The earth breathed beneath me, inhaling rain and releasing steam. These exhalations grasped at my legs as I moved by the graveyard, but I continued through the moisture, my eyes trained on the grid of tombstones. Names blurred together through the veil of the humidity, and dates became smudges of lives wiped clean by an inexorable truth. Whenever I tried to focus my gaze, the meaning of the letters danced a little farther away.
In that moment, I was not seized by the same type of fear that normally grips me with the arrival of another full week of due dates or expectations. I did not feel that rooted terror at the prospect of losing a friendship following a fight or a misplaced prox or a lack of time to sleep. All those emotions suddenly seemed so banal in the face of death — the one truly universal experience.
I block out the prospect of others’ and my mortality on a daily basis, occupying myself with relative trivialities to avoid descending into insanity. That Saturday afternoon spent beneath the weeping sky, however, I allowed myself to consider the questions that form the foundations of almost every major religion. I came to no conclusion, save one.
I wish I were religious.
Not for some of the reasons that immediately come to mind, however. I don’t want to adhere to the explanations of the afterlife that run throughout the Bible or the Quran or the Vedas or any other holy text, not that I begrudge anyone who does.
What I crave is that sense of identity, that organized community to discuss what comes after life, to explore whether or not I believe in a god or many gods, to engage in unifying traditions that transcend my sense of self. Of course, there are realms in which to discuss faith (or lack thereof), and I have in many cases explored my views with friends and family but never in a consistent manner. I see individuals here and at home who identify as Christian or Jewish or Muslim who don’t believe in some of the tenets that are used to define these and other religions, and that is essentially what I yearn for. And there’s nothing wrong with that.
At this stage in my life, though, I feel so distanced from these groups by virtue of growing up in a household that never emphasized, and, in fact, eschewed, the idea of religion, that I don’t feel as though I can fully incorporate it into my identity. I can, and do, choose to learn the core principles of different faiths to gain insight into cultures and morality and ways of human thought. But I don’t feel as though I can belong within one.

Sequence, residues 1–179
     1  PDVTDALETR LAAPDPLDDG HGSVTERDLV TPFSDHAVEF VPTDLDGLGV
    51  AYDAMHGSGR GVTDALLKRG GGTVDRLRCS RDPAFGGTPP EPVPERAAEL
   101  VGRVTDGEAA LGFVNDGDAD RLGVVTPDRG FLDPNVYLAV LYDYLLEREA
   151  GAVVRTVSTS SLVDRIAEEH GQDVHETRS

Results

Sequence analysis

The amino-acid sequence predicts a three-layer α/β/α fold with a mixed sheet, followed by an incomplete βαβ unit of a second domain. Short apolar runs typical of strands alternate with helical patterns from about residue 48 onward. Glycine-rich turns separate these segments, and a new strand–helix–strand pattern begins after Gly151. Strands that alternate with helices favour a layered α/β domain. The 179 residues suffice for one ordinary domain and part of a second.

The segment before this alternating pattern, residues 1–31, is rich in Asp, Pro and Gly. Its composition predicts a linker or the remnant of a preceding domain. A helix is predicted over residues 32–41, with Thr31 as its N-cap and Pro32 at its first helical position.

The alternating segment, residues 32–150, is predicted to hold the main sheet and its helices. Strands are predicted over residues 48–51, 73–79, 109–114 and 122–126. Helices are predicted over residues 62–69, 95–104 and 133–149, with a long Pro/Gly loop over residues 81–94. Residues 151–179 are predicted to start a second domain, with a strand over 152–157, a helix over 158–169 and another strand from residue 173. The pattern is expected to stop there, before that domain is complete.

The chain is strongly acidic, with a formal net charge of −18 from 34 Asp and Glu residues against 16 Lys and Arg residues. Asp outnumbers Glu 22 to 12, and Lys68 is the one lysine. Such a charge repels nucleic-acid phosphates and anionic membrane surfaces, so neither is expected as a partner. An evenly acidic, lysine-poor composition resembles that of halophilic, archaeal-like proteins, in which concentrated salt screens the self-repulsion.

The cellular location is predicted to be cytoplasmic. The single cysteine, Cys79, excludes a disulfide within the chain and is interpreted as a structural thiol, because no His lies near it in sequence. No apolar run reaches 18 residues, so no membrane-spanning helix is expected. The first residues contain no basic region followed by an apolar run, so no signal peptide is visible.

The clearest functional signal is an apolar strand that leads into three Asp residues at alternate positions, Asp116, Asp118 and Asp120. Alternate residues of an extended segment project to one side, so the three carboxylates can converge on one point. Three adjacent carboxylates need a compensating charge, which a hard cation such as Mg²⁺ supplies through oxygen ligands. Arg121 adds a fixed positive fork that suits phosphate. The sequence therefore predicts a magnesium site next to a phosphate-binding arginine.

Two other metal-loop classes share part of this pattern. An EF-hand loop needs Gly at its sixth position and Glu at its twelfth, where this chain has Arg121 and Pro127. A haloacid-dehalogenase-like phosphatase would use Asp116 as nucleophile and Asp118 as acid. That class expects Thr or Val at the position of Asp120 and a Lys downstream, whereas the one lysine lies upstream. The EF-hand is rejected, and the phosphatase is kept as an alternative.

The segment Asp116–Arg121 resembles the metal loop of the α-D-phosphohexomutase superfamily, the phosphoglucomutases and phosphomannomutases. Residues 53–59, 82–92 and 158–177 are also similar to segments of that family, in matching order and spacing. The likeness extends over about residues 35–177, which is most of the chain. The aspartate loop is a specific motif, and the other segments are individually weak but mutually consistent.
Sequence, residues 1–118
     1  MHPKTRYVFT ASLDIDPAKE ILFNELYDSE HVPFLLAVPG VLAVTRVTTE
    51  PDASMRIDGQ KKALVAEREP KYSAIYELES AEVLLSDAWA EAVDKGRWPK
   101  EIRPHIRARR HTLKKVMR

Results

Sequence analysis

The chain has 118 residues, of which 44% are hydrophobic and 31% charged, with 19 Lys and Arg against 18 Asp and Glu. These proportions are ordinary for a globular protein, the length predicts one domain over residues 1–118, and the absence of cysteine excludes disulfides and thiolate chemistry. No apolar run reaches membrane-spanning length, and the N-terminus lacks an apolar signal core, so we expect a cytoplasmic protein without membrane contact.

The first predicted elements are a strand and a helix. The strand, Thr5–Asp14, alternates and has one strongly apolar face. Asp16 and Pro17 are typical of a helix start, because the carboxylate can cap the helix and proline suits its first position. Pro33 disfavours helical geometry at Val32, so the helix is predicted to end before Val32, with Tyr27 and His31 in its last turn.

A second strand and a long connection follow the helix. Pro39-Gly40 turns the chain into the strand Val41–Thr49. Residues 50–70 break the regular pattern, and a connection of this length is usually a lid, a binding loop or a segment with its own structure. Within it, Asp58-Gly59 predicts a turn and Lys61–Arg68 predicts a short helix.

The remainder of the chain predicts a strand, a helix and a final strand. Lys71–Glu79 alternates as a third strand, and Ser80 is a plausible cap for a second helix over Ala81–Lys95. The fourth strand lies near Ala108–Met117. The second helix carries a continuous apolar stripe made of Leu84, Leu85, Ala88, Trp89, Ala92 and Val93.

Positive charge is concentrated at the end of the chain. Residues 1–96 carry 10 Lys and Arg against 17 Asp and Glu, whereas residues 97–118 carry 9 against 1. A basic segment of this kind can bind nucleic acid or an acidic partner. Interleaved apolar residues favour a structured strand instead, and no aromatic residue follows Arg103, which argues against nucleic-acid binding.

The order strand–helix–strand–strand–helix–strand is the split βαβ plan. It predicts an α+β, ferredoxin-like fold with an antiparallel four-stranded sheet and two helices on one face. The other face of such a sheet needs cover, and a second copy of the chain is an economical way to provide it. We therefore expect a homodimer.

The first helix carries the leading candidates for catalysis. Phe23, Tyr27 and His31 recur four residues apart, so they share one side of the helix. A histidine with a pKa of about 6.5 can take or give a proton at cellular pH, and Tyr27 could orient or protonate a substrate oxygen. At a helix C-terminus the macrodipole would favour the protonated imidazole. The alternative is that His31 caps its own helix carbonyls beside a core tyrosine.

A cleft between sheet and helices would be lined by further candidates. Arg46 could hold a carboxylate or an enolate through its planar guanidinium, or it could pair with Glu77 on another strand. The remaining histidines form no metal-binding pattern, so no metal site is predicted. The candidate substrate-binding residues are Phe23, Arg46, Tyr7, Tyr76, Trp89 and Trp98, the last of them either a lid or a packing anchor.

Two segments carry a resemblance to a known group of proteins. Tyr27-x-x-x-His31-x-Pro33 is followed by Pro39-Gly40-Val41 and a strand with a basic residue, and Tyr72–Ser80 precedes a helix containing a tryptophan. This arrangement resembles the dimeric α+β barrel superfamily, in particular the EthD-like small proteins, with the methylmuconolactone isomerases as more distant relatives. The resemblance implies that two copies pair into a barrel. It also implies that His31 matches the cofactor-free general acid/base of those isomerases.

That Saturday afternoon, I thought briefly of entering the church just up the hill, of kneeling before the altar and exploring the far corners of my mind to discern what beliefs and fears lurked there. Aside from the undeniable fact that rain had saturated my very being in the 45 minutes I spent outside, I ultimately rejected that impulse as an intrusion upon a world to which I never have belonged and likely never will belong. I should clarify, however, that this sense of permanence does not stem from any behavior of religious communities on campus or in my home state. In fact, the opposite in most cases is true. My conclusion that I will never be one to join an organized religion derives itself from my own inhibitions that make me feel as though my presence would be an intrusion. Irrational though this thought may be, it is ever-present and pervasive.
Perhaps this longing for religion, even in the face of such an “outsider” mentality, is unique to my search for that elusive thing we call our identity. But I doubt it. Even so, I will not excuse it, nor will I suppress it. I will use it as a tool to drive my self-exploration. Maybe someday it will help lead me to my answers for the questions that I faced as I paused to consider life beyond death. Maybe it won’t. But in any case, that desire itself, and its implications as to my core values and priorities, has become a part of my identity as crucial to my sense of self as the names of those individuals I visited that afternoon were to them.
Kelly Hatfield is a freshman from Medford, Mass. She can be reached at firstname.lastname@example.org.